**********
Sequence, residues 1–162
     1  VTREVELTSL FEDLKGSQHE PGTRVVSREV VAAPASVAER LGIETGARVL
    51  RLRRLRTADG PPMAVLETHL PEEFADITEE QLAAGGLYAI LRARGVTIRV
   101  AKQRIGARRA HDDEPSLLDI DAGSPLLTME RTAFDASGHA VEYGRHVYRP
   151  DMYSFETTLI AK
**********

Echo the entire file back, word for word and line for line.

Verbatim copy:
Sequence, residues 1–162
     1  VTREVELTSL FEDLKGSQHE PGTRVVSREV VAAPASVAER LGIETGARVL
    51  RLRRLRTADG PPMAVLETHL PEEFADITEE QLAAGGLYAI LRARGVTIRV
   101  AKQRIGARRA HDDEPSLLDI DAGSPLLTME RTAFDASGHA VEYGRHVYRP
   151  DMYSFETTLI AK